Humanity has made some advancements in the last one hundred years that were unimaginable at the time. Some of those ameliorations of human life were made in dark, silent desks and offices and some of them came into being in loud, exciting, crowded communities of minds. Therefore, one has difficulty distinguishing between the efficiency of these methods. Can we propel humanity forward stronger as a collection of minds exchanging ideas or a single mind concentrating upon what is vital?
We may have to separate sciences in this matter, as for a philosopher or a writer; the mind is the place to be. However, for a physicist or a mathematician, purging their minds on a blank paper or filling multiple boards with the elegant dance of their hands and chalk can be the only way out of a complex problem.
The eminent Russian writer Chekhov argues that, “Everywhere is a desert for anyone who feels lonely”. This quote by someone who has been lonely all his life can be considered as a perspective for this text. Deserts are lonely, shy and lifeless locations that can be shivering cold for some and welcomingly hot for others. Can a person that is alone and occupied by the fight with their own mind think clearly and creatively? Alternatively, is it the isolation that keeps the person’s mind busy for any and all ideas?
While improving on an idea the power of socializing cannot be overlooked. The exchange of brilliant minds via mere words have taken us to the moon, the collaboration of heads of state have founded the resilient European Union, the common effort of similar-minded people has built a pathway for the ear pleasing music of a quartet playing jazz. Of course all these advancements had a proposing behalf, however, one cannot neglect the effort put in by the friends, close ones, teammates, and in general the community behind them. Alexander the Great would be nothing without his soldiers, Jesus’ story would be disregarded if there were no tellers, a queen would be left unprotected without the loyal pieces…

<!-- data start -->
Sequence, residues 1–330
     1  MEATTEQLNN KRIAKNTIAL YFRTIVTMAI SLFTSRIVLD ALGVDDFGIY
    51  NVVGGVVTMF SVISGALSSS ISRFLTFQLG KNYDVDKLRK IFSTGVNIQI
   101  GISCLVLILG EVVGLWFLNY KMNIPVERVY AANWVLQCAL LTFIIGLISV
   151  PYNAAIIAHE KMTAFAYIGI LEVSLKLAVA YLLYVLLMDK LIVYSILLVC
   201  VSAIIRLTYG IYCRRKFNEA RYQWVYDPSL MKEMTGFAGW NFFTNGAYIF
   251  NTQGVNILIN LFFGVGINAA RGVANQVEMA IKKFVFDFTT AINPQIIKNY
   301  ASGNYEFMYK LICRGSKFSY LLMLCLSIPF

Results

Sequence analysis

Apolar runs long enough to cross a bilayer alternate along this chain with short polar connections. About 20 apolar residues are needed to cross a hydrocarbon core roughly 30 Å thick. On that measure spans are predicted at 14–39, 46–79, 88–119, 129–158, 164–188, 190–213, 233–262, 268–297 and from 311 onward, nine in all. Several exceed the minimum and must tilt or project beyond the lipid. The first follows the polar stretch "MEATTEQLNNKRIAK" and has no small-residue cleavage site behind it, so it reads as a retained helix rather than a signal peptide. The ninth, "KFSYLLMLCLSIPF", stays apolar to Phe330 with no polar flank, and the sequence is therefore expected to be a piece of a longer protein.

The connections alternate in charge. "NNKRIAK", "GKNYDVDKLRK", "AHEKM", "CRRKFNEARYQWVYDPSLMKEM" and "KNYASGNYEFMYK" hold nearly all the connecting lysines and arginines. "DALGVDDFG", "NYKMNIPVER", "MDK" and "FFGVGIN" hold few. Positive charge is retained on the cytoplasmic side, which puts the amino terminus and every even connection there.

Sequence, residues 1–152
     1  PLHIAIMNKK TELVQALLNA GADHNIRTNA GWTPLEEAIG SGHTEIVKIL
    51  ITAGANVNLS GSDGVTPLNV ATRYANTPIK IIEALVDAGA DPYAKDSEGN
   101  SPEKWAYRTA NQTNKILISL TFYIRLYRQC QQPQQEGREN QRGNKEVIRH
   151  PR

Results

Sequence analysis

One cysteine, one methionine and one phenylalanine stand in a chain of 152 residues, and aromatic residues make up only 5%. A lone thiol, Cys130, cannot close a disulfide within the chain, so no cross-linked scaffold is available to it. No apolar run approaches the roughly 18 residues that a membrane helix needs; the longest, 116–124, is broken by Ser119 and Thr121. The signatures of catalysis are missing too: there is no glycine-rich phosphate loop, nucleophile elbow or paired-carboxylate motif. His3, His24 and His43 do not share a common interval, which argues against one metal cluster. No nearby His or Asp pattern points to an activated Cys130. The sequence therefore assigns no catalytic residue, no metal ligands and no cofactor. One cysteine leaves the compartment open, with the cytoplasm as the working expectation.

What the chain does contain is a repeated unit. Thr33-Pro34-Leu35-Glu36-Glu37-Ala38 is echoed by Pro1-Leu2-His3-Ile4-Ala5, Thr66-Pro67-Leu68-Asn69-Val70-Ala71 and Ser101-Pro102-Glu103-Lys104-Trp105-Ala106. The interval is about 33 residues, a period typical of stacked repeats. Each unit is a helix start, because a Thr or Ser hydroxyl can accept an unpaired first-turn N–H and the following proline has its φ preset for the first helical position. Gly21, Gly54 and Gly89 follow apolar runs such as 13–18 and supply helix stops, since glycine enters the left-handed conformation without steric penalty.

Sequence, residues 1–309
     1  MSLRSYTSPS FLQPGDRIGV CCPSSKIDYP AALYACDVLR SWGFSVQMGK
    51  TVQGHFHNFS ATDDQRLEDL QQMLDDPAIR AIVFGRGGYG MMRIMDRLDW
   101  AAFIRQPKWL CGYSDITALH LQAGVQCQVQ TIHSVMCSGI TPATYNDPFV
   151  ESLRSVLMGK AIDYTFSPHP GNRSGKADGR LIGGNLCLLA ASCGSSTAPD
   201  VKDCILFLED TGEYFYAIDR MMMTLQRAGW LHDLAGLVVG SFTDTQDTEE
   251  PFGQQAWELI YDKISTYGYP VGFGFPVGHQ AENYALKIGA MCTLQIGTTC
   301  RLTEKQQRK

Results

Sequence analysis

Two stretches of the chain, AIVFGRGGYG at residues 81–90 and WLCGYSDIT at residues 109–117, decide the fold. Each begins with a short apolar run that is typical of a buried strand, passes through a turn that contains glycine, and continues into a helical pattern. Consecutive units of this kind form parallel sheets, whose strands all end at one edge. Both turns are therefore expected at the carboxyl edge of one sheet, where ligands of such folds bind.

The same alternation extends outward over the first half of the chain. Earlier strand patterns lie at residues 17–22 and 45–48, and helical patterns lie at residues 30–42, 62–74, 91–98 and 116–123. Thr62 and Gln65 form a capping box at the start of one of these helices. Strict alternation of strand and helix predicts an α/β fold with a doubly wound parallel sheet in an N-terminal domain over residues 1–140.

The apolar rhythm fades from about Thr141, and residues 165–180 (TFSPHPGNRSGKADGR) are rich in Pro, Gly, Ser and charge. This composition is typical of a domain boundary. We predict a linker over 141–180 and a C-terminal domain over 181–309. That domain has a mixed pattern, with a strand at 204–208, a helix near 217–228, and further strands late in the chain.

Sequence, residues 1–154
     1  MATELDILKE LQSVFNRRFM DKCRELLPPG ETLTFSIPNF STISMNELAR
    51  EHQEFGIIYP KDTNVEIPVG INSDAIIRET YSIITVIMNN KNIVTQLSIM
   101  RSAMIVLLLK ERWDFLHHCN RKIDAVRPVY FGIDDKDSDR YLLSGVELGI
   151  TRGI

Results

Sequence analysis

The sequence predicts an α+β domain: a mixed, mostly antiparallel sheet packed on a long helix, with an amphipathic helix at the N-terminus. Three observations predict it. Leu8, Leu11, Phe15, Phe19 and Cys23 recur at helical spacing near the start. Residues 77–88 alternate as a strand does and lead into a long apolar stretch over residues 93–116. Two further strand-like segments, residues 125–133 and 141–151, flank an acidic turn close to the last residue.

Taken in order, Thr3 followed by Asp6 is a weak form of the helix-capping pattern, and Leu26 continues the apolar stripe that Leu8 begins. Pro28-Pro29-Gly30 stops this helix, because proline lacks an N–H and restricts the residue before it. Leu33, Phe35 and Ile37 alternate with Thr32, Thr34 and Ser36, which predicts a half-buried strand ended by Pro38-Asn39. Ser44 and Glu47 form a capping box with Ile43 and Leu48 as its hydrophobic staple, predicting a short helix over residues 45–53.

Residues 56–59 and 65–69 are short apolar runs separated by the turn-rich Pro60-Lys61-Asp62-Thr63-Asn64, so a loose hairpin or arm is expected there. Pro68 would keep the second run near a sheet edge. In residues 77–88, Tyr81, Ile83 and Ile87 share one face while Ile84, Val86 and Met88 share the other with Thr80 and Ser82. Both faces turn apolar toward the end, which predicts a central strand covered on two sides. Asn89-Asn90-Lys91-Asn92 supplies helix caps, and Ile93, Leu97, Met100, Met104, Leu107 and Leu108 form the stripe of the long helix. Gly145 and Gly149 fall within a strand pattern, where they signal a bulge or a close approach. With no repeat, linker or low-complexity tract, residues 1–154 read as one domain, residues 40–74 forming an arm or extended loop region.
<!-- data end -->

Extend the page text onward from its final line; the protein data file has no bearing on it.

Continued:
A contrasting argument is made by the great Einstein:” The monotony and solitude of a quiet life stimulates the creative mind.” Some of the most important leaps forward have arisen from the secluded minds of some remarkable people. The emptiness of the surroundings lets the human body feel safe and consolidates the ability of thought production. The lack of initial adrenalin may produce an activating effect on the brain of a human being. Cognitive thinking can be induced by the lack of adrenaline, as the raw instinct to protect oneself is absent.
On the other hand, this feeling of remoteness can take the mind to places it should not be as it happened with Freud. He has proposed some incredible innovations to the insight of the human mind while he lost his own in the process. Although some innovators like Freud can be held responsible of the assassination of their own mind, we cannot ignore the effects of society on bright and different minds. People like Van Gogh who have received the deteriorating comments of other members of their social circles may experience the dangerous exclusion of mind and lose themselves and their consciousness altogether.
It must be stated that although isolation and collaboration have their own idea-inducing effects, the cooperation between these two methods has produced the greatest of advancements. The foundation of Turkey, by Mustafa Kemal Ataturk who fed himself with the views of other great minds can be an example. We, humans, have an incredibly complicated social network that is unobservable in any other species known. Only the combination of self-resilient idea assembly and the sharing and cultivation of these ideas can let us push the limits of the mind and survive the process of doing so.